About the FICO Credit Score
Since we live in an automated society, it should come as no surprise that your ability to repay your mortgage loan boils down to a single number.
All the years you've been paying your various bills: your mortgage, car payments, and credit card bills can be analyzed, diced, spindled and mutilated into a single indicator of whether you're likely to meet your future obligations.
Each of the three credit reporting agencies has its own formula for building your credit score. Fair Isaac and Cooriginally developed this score. .
While Experian still calls its score "FICO", TransUnion calls its score "Beacon" and Equifax uses "Empirica." While the formulas vary from one agency to another, all of the agencies use the following to build a score:
- Credit History - Have you had credit for many years, or for just a short time?
- Payment History - Do you have a history of late payments?
- Balances on your Credit Cards - How many accounts do you have? How much do you owe?
- Inquiries on Your Credit - How many times have you had your credit checked for a loan?
Each of these factors is assigned a value and a weight. The results are added up and distilled into a single number. Credit scores can be as low as 300 and as high as 800. Higher scores are better. Most folks getting a mortgage these days score 620 or above.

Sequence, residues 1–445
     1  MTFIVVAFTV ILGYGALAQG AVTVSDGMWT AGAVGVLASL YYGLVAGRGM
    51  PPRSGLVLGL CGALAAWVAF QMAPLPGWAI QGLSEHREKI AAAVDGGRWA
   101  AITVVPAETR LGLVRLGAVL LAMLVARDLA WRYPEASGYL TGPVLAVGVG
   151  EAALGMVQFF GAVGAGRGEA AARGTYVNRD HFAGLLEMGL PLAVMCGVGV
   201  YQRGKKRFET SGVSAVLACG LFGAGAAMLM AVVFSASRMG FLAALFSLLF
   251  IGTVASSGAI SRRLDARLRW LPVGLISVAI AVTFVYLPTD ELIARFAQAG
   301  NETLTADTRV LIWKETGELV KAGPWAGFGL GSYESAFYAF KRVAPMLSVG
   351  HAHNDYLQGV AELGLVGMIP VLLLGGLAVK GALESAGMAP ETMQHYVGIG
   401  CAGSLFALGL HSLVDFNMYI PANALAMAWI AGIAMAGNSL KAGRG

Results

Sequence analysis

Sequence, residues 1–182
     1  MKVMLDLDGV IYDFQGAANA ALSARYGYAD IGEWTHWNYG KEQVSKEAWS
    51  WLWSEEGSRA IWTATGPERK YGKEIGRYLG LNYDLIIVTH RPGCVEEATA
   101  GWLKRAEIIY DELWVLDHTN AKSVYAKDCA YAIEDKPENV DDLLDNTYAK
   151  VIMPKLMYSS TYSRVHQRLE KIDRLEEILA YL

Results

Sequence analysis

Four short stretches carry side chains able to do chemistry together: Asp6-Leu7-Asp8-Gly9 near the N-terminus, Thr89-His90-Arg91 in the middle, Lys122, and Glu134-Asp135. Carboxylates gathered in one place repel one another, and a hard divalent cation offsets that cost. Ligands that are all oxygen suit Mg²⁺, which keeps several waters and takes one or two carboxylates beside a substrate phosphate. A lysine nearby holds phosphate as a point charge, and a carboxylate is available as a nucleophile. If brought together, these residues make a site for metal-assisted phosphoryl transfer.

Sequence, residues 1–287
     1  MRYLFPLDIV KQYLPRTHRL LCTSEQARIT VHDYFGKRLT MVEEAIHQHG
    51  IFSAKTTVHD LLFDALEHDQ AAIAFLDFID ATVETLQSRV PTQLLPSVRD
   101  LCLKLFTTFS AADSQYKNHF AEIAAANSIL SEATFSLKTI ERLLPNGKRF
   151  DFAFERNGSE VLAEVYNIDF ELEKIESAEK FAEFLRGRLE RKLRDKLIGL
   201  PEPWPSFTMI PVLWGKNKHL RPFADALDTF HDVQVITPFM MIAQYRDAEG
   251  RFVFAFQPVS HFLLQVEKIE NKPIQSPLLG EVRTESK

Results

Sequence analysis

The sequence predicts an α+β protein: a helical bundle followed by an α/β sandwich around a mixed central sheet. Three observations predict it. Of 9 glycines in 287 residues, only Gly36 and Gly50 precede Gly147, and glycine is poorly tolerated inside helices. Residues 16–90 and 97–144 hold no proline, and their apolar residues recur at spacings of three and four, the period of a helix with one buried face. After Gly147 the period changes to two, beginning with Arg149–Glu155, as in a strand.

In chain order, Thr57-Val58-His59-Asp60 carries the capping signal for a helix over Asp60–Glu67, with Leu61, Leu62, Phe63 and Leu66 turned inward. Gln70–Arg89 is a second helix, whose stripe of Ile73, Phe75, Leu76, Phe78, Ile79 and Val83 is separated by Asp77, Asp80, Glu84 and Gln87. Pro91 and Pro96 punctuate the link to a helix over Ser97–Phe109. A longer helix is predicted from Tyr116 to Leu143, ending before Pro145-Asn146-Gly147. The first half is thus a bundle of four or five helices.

Not just for qualifying
FICO scores affect more than your ability to get a loan. They also affect your interest rate. Lenders give lower interest rates to individuals with higher scores.
Improving your score
How can you raise your FICO score? Despite what you hear from "credit repair" companies, the FICO score is calculated from your lifetime credit history, so you can't turn it around right away. (Of course you can and should remove incorrect data on your credit report.)
Getting your credit score
To raise your FICO score, you've got to have the reports that are used to build it, and of course, you need the score itself. Fair Isaac, the corporation that offered the original FICO credit score, offers credit scores on myFICO.com. It's inexpensive, fast, and easy to get your credit score as well as credit reports from all three reporting agencies. They also provide information and online tools that help you understand how to improve your FICO score.
You can get a federally-mandated free credit report once a year from all three credit reporting agencies when you visit AnnualCreditReport.com. You won't get a free credit score from AnnualCreditReport.com, but getting it is fast and very inexpensive.
Now that you have all the facts, you'll be a more informed consumer and you'll be better positioned to get the right mortgage for you.
Curious about credit scores? Give us a call: 978-422-2311.